Fast food can be healthy without sauce and soda, Harvard study reports

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Dieting is easy — all you have to do is remove every trace of the flavor, satisfaction and general happiness from the fast-food indulgences you love.

A new study out of Harvard breaks the news that drive-through fare is pretty unhealthy. But, its lead researcher points out, the food can be made healthier, just as long as you strip the sauce and toppings, leaving yourself with a pathetic patty on a bun with a glass of water — to wash the dry mass down.

The study, published in the American Journal of Preventive Medicine, found that at the 34 fast-food chains they analyzed, the average combo meal contains 1,193 calories, and that the quantities of sodium, saturated fat and sugar are through the roof.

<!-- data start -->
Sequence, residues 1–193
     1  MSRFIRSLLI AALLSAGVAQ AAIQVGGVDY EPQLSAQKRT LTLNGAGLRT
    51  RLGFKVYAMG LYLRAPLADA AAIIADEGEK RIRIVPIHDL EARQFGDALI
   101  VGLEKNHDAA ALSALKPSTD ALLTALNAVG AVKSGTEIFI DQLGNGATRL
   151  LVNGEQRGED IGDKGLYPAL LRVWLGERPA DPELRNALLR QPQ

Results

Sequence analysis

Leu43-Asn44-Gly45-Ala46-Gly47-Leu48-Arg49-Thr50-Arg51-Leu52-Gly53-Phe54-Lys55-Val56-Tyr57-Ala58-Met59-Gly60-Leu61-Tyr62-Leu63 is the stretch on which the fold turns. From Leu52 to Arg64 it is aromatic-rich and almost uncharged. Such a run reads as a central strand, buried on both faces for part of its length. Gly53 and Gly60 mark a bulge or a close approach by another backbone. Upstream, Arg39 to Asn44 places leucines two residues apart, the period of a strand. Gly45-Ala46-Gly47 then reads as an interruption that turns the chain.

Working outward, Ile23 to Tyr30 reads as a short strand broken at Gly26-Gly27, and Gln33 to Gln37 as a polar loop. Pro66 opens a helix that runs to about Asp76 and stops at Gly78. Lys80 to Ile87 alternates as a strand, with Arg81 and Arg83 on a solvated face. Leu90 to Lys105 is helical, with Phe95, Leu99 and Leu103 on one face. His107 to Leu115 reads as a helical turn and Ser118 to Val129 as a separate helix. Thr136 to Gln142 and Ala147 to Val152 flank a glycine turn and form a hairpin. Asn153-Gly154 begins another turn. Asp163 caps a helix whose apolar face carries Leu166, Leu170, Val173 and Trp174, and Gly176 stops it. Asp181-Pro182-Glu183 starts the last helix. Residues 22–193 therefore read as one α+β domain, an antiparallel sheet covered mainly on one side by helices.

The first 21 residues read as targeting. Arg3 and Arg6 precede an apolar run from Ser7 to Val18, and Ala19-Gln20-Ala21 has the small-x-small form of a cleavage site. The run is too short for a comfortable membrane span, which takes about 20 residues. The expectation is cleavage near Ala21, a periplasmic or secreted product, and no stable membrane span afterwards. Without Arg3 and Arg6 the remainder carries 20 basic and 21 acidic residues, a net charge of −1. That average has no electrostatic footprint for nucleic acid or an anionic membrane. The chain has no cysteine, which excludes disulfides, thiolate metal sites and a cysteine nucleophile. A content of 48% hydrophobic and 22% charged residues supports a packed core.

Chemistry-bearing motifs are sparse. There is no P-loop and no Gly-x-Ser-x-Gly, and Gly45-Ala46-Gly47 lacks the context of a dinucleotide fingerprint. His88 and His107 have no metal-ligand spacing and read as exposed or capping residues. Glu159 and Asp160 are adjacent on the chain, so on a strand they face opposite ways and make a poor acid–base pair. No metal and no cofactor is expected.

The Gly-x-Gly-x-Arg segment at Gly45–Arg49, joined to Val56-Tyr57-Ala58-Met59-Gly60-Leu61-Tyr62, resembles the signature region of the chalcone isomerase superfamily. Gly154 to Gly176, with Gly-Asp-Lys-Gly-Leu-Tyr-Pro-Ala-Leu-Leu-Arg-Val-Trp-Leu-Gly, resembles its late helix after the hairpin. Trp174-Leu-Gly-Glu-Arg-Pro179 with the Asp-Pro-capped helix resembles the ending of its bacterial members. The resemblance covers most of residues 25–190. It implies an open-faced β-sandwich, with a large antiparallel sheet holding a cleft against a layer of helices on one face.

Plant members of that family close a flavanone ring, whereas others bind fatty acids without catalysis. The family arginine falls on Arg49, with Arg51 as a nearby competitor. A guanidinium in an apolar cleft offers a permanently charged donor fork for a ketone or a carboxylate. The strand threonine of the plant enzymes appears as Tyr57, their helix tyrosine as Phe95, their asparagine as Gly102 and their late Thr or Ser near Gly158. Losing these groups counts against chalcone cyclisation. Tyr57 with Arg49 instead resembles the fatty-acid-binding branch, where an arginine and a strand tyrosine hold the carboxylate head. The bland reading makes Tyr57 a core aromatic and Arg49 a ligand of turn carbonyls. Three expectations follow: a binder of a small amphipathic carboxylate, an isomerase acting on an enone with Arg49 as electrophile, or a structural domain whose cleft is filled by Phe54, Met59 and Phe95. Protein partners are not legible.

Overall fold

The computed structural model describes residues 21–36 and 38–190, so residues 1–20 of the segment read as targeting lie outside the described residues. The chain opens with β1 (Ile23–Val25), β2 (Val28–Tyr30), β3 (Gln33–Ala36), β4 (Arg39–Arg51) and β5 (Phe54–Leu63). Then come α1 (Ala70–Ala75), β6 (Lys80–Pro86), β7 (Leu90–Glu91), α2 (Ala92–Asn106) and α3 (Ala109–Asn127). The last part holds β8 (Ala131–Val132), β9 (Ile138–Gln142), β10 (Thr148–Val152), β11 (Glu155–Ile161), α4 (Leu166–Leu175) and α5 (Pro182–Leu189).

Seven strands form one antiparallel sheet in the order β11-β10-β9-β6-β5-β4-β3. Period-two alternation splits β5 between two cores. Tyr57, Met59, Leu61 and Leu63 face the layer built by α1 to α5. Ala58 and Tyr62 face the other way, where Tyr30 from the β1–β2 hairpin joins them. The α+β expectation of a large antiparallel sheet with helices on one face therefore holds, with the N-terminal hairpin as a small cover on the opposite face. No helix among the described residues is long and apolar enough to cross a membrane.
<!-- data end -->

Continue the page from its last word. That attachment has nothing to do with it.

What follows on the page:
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But all a person has to do is hold the dipping sauce; remove toppings, such as cheese; and opt for water over soda — and you’ll be good as gravy, says lead author Kelsey Vercammen of Harvard’s T.H. Chan School of Public Health in an interview with Reuters Health.

“We were surprised at just how much realistic customer modifications can change the nutrient profile of a meal,” Vercammen told the outlet.

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Vercammen’s stance is very optimistic, but it stands to benefit both humans and crows alike. (Our feathered friends were recently found to have higher-than-usual cholesterol thanks to the deep-fried detritus they scavenge!) Fast food has been blamed for everything from obesity to an early death.

Just don’t try to tell that to the hordes of people chasing that infamous fried chicken sandwich.

Popeyes' new chicken sandwich has sold out across the country in less than a month because apparently, it’s just that good.

Popeyes’ new chicken sandwich has sold out across the country in less than a month because apparently, it’s just that good.
(Popeyes)

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This story originally appeared in the New York Post.